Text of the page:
Liberia in 1901

I continue browsing through old American newspapers (see my previous posts). Today I found a remarkable article in a New York paper, the Watertown Reformer and Semi-Weekly Times of Wednesday, August 7, 1901.

The article is entitled Liberia’s Future and it deals with Liberia’s foreign relations, its economic prospects, its financial situation, and the state of the art with respect to immigration. The article starts as follows:

“London, August 3, (1901).
A number of officials of Liberia have arrived in England for the purpose of endeavoring to procure from Great Britain the right to navigate the Manna river, which separates Liberia from Sierra Leone. The delegation consists of Secretary of the Treasury Barclay, Chief Justice Roberts and senator King.”

Source: The Watertown Reformer and Semi-Weekly Times, Watertown, N.Y., Wednesday, August 7, 1901, Vol. 52, No. 2; Semi-Weekly Vol. 8, No.36, page 7.

I was struck, not only by the contents of the article, but most of all by the heading “The West African colony making good progress”. What?! The West African colony? Which colony? Whose colony? In 1901?! We’re talking about a newspaper article of 1901, more than 50 years after the founders of the first African republic declared Liberia an independent and sovereign state, in 1847. It was published by a New York newspaper, hence the qualification ‘West African colony’ can only refer to an American point of view.

Then, secondly, the article mentions in a succinct summary that the “European aggression is warded of” and “Keeping out of Germany’s Grasp”.

It is interesting to note what a Liberian delegation member, Barclay, said to reporters of the Associated Press: “Thanks to the firm stand of the United States and Great Britain we are not troubled by the European aggression, though, to tell the truth, we are rather afraid of Germany as she is so patiently on the lookout for colonies. However, I do not think she will get a chance to appropriate our country.”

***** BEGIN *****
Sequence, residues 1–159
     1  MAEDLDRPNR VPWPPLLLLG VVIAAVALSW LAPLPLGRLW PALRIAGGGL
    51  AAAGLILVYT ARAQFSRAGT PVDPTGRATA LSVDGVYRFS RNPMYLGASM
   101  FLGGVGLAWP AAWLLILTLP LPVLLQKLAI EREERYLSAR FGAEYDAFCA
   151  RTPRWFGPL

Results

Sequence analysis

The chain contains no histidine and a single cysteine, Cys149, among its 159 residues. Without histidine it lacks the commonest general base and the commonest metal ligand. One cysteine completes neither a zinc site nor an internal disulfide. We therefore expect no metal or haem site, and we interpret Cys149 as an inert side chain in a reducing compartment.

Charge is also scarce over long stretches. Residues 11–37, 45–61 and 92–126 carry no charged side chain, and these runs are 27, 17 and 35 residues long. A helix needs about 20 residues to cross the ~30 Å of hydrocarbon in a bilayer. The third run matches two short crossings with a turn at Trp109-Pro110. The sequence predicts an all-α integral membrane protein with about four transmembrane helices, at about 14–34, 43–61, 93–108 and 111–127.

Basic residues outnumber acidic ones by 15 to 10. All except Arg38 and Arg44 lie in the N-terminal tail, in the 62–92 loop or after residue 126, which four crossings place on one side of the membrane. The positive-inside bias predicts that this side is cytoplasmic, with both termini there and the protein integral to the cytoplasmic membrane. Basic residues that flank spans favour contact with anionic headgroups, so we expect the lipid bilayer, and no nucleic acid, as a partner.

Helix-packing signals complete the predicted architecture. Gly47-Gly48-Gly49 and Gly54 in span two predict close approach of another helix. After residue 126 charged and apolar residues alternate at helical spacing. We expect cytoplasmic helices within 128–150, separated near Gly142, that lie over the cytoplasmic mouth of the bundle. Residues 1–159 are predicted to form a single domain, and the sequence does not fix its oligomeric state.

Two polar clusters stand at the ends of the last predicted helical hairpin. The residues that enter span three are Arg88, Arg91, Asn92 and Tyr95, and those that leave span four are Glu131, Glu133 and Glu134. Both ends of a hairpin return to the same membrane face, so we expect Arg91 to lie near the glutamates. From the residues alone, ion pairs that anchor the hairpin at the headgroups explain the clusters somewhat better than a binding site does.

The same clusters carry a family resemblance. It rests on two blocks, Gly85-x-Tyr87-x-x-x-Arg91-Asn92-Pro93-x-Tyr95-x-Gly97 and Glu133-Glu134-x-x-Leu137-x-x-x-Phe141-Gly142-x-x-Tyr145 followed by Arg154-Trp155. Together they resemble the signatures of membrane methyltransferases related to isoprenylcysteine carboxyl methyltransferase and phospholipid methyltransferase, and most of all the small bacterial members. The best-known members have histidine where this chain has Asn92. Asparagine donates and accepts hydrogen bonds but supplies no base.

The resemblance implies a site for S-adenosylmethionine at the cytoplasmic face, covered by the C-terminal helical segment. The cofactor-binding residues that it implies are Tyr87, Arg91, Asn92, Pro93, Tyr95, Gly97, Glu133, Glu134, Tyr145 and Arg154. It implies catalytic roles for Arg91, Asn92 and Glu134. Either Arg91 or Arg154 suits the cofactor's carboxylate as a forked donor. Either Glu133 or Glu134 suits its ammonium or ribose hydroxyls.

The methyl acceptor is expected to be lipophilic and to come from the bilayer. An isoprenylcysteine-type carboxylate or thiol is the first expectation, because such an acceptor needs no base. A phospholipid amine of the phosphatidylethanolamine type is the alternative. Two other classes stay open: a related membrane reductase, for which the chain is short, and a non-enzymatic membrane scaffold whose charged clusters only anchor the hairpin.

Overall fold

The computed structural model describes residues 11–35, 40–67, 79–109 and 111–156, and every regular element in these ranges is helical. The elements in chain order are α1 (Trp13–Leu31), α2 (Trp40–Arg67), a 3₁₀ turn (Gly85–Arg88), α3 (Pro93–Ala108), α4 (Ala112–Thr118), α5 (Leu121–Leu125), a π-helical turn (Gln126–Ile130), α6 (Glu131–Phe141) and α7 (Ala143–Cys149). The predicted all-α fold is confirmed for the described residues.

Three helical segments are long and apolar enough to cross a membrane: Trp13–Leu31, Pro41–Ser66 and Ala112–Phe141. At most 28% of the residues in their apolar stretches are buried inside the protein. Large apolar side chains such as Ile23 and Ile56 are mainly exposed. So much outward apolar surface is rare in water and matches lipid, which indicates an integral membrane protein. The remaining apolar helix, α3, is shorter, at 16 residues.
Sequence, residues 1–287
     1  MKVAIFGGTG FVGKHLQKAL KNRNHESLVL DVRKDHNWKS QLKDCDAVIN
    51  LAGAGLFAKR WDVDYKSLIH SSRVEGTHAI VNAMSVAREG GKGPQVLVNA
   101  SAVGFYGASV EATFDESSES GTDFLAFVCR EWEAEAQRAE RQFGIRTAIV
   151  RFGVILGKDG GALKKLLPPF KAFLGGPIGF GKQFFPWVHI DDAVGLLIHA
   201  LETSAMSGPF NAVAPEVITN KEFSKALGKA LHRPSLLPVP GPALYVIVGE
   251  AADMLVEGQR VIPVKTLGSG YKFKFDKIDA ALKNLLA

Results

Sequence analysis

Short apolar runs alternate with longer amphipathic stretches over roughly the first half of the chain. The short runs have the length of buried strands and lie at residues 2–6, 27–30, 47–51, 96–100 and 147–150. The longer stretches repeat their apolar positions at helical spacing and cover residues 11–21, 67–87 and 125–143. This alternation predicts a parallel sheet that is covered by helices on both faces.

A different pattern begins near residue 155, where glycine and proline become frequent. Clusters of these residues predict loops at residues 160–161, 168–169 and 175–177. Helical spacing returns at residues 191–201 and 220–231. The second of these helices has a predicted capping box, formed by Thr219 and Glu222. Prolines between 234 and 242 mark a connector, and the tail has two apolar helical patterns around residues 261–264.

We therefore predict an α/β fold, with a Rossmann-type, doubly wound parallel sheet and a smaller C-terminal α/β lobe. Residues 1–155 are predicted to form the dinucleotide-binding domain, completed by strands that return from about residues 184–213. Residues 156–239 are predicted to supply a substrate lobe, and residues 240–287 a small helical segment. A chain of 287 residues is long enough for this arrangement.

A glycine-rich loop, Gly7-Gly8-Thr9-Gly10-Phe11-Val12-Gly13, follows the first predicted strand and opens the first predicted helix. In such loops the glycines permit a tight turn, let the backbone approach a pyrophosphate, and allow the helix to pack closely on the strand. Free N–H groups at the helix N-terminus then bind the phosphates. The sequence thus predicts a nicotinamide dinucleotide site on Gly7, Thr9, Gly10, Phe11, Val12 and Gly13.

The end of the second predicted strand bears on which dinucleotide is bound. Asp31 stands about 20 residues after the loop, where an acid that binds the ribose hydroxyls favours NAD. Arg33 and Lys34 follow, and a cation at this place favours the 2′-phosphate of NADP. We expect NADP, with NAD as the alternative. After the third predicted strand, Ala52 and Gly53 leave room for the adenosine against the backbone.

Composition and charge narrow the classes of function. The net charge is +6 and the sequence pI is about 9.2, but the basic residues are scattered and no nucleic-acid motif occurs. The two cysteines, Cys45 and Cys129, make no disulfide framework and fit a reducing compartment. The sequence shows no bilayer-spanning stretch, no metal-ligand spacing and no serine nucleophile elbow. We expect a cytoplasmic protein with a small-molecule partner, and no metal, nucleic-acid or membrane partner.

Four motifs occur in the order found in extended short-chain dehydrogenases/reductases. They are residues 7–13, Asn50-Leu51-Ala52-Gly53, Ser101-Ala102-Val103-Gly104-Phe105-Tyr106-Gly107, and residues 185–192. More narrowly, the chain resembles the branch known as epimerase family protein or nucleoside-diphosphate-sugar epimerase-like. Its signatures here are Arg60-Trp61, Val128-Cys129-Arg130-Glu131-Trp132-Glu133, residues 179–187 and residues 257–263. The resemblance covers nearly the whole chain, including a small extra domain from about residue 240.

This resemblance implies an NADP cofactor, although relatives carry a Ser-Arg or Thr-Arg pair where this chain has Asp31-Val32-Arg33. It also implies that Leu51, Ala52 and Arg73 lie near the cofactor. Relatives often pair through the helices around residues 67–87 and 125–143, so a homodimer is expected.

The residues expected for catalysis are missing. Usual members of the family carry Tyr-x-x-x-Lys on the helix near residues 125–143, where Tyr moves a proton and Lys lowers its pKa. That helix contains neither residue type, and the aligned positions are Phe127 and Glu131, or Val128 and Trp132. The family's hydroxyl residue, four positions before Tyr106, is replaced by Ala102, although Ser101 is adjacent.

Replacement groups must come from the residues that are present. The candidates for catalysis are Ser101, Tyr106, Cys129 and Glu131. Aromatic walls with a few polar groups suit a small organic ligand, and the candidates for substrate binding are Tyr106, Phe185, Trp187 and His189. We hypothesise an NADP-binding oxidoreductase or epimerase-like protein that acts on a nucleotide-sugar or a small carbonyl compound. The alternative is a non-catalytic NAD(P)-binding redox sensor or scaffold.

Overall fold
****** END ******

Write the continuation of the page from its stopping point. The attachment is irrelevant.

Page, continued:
The last quarter of the 19th century the existence of Liberia as an independent nation was more than once endangered. In the 1880s Great Britain successfully exerted pressure on Liberia to cede the Galinhas territory, between the Sherbro and Mano rivers. From then on the Mano river formed the boundary between Liberia and Sierra Leone. In 1879 France attempted to establish a protectorate over Liberia. In 1885, Spain attempted the same. Also in 1885, France made a second attempt to annex Liberia, followed in 1886 by Germany. In 1892, France annexed the territory east of Cape Palmas (formerly part of the independent republic of ‘Maryland in Africa’). Desperate, the Liberian government in 1893 asked the United States to establish a protectorate over the country. In vain, the US government declined the offer but undertook diplomatic action to protect its West African stepchild.

Seen against this background, the Watertown Reformer heading which calls Liberia ‘the West African colony’ sounds differently.

Loss of territory to France and Britain (copyright: Fred van der Kraaij)

After 1900:
In 1903 an Anglo-Liberian Boundary Treaty was signed, which precisely described the boundaries between Liberia and Sierra Leone. Still in 1904 England again tried to establish a protectorate over Liberia. And in 1907 the Liberian Government officially acknowledged the loss of about 2,000 square miles to France and accepted the Cavalla river as the official boundary between Liberia and the French colony of Ivory Coast. Ironically, as Liberian government officials who negotiated the Liberian-French boundary treaty ignored the fact that the official description of the flow of a river starts at its source downward to its mouth, they thought making a good deal while accepting the clause that the right bank of the Cavalla river formed the boundary between Liberia and the French colony of Ivory Coast. Hence, France gained authority over the entire river.

This entry was posted in 1847, 1879, 1880s, 1885, 1886, 1892, 1893, 1901, 1903, 1904, 1907, Barclay, Cape Palmas, Cavalla River, economy, England, foreign relations, France, Galinhas territory, Germany, Great Britain, immigration, Ivory Coast, King, Manna river, Mano river, Maryland in Africa, protectorate, public finance, Roberts, Sherbro river, Sierra Leone, Spain, United States, West African Colony. Bookmark the permalink.